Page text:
An Open Letter to Security Vendors


August 25, 2015

By John J. Masserini

So tell me - did you hear the news?? Apparently the rumors are indeed true.

2015 is the year of the Security Startup.

And in the words of the greatest British comedy troupe ever… and there was much rejoicing …

However, after meeting with dozens of startups at Black Hat a few weeks ago, I've realized that the vast majority of the leaders of these new companies struggle to articulate the value their solutions bring to the enterprise.

As many of us have, I have seen many new technologies in the security space that promise to ‘solve all of my problems’ or ‘revolutionize the space.’

Sadly, most of them have gone the way of the Betamax – superior technology that suffered from poor implementation. 

I am fairly often asked a basic question by many vendors: “As a CISO, what does it take for a startup to get your attention?” While it seems like an innocent question, the complexities of the answer typically result in glassed-over eyes, fidgeting, and even the occasional ‘hey, let me introduce you to…’ blow-off.  Rarely will there be a person who wants to hear the real answer.

Most successful security executives know that effective programs are more than just a suite of tools, but rather the integration of people, technology, process and education. None of these can be substituted for the other, but they can enhance and augment one another to provide a greater good.

Tools allow my team to be efficient, expedient and productive. Much to the chagrin of most vendors, tools are not, and will never be, my silver bullets. By themselves, tools do not a security program make, but each can be a solid piece of technology that is implemented in such a way to allow my team to the best use of their skillset.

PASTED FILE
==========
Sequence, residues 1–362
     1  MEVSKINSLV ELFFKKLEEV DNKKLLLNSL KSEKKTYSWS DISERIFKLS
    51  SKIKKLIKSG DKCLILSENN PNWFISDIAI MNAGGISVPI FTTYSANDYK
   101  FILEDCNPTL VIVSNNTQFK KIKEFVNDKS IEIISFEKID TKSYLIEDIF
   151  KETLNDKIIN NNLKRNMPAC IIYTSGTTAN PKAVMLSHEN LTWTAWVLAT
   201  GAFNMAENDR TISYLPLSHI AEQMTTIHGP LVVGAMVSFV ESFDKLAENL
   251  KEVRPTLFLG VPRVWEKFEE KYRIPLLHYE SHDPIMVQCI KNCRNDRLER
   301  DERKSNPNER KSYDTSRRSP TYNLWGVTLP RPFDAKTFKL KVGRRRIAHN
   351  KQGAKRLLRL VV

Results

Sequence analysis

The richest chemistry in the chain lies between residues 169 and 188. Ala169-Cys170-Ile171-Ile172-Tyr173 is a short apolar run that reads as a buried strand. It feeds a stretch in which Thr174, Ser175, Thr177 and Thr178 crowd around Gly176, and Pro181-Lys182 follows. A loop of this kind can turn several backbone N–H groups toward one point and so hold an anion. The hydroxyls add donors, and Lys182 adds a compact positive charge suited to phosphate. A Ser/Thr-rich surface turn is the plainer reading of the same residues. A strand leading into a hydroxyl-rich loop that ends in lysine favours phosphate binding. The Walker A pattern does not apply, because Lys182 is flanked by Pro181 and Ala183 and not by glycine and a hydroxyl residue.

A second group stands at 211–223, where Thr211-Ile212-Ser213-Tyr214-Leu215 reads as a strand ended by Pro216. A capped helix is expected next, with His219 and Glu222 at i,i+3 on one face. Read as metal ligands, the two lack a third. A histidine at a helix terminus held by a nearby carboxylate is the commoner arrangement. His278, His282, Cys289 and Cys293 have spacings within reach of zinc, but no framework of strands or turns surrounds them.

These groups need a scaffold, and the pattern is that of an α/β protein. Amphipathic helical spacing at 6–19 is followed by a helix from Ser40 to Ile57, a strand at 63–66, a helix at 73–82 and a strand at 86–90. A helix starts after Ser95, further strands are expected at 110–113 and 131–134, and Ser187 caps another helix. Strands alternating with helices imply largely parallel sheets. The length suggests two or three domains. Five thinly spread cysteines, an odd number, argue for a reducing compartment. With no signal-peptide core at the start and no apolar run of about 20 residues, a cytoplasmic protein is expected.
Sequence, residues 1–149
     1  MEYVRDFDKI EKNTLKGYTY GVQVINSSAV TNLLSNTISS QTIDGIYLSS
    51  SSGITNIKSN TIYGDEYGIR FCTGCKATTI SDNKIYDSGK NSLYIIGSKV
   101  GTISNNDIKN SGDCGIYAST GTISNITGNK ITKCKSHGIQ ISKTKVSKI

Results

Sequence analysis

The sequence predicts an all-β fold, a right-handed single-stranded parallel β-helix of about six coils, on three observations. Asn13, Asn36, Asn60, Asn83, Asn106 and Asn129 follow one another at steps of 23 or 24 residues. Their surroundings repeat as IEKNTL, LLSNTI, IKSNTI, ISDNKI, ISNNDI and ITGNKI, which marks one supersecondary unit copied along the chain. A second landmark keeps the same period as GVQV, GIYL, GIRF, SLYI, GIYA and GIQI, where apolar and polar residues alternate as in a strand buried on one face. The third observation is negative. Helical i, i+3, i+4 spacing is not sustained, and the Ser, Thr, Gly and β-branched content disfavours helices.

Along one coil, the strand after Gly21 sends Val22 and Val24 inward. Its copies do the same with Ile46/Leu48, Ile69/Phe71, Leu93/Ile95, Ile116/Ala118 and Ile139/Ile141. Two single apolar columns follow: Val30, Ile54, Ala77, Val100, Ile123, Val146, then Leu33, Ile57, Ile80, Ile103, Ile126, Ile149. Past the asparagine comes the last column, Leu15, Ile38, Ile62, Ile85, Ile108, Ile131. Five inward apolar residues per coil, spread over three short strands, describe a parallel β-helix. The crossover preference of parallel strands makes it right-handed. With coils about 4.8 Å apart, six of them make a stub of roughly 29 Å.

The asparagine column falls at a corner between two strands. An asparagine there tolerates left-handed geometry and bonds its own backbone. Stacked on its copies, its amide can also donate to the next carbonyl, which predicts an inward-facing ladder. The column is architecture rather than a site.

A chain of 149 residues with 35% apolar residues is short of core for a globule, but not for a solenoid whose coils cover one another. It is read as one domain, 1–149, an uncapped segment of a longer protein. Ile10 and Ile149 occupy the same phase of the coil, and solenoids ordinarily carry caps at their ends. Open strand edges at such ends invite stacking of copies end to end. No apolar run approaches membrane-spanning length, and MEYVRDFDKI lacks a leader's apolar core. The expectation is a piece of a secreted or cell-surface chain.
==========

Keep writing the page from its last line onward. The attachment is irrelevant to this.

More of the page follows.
So, in a slight change of pace, the next few columns are going to be an ongoing open letter to vendors of all shapes and sizes, but particularly to startups. The goal is not to be a soapbox, but rather be that cold-bucket-of-water-to-the-face to the CEO/CTO/Product Manager of all of the vendors in the space.

So to all those sales, marketing and start-up types that truly want to know how to get our attention, read on…

An Open Letter to Security Vendors – Part 1

What better place to start then with what is typically a CISO’s first introduction to a solution – the sales & marketing teams. On an average day, I get hundreds of emails, many of which are business related. However, an inordinate number of them are sales and marketing materials.

While I’m sure your solution is great and the technology is revolutionary, in no way, shape or form do you have my ‘silver bullet.’ Your solution will not ‘make me sleep better,’ ‘reduce the overall risk to my infrastructure,’ or ‘give me granular insight into my threats’ – and do you know why? It is because you don’t know what my concerns are. You don’t live in my world or understand what my challenges are and presuming that you do is the first step to the Betamax graveyard.